United Group Insurance

Summer feeding programs for Iowa kids in low income households


July 10th, 2024 by Ric Hanson

(Radio Iowa) – An Iowa Hunger Coalition analysis has found there are 21 more sites for Iowa kids who qualify for free or reduced priced meals at school to pick up free meals this summer. Governor Reynolds used 900-thousand dollars in federal pandemic relief money for grants that opened 61 summer meal sites, but 40 of those have replaced locations that had closed. Iowa Hunger Coalition chair Luke Elzinga says if Reynolds had accepted 29 million dollars in federal funds for the “Summer E-B-T” program, 245-thousand Iowa children would have been guaranteed better meals at home.

“Summer EBT is the first new, permanent federal childhood nutrition program we’ve had in two decades,” Elzinga says. “…This is such an impactful program to address childhood food insecurity during the summer in a really effective, efficient way.” The program provides an extra 120 dollars in June, July and August for each child in a low income household. Reynolds turned down the 29 million dollars for the program in December, citing the administrative cost of nine-dollars per eligible child — and Reynolds said the program also failed to address the obesity epidemic among children. Elzinga says pilot programs tested the Summer E-B-T concept for a decade before all states were allowed to participate.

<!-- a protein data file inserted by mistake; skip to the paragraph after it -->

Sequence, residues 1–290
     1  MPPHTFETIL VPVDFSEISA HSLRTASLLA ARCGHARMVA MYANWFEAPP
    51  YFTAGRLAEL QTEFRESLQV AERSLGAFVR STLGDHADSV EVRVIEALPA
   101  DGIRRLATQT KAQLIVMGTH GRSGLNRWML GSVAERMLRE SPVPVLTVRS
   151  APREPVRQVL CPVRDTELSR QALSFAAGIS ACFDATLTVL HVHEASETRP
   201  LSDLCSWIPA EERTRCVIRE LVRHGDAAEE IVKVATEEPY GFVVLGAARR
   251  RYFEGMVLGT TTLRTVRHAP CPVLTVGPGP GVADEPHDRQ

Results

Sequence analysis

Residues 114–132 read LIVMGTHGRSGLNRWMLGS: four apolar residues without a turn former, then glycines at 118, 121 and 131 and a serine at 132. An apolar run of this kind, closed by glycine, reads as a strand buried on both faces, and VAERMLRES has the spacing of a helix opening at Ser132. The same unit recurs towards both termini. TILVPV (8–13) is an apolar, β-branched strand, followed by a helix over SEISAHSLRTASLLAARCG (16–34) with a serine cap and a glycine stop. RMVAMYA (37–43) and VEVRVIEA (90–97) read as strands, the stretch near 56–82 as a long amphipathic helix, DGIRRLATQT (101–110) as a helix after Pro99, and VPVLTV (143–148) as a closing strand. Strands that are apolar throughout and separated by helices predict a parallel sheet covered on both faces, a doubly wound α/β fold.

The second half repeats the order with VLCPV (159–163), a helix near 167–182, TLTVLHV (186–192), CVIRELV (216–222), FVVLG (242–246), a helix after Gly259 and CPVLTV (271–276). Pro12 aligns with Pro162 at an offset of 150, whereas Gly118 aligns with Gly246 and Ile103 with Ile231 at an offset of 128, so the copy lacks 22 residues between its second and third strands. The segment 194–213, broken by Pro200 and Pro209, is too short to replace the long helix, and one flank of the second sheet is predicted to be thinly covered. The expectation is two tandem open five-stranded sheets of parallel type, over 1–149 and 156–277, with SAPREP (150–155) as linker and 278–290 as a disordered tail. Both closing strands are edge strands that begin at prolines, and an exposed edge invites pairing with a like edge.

“We know from the data that Summer EBT leads to increased consumption of fruits, vegetables, whole grains and dairy,” Elzinga says. “It does not increase consumption of sugar sweetened beverages.” The Iowa Hunger Coalition has started a petition drive to encourage Reynolds to sign Iowa kids up for the Summer E-B-T program next year. Elzinga says Iowa food pantries have been seeing an increase in usage during summer months. On July 2nd, the 14 food pantries Elzinga oversees for the Des Moines Area Religious Council set a single day usage record, assisting well over 21-hundred individuals.

The council has operated a food pantry network in the Des Moines metro for 50 years.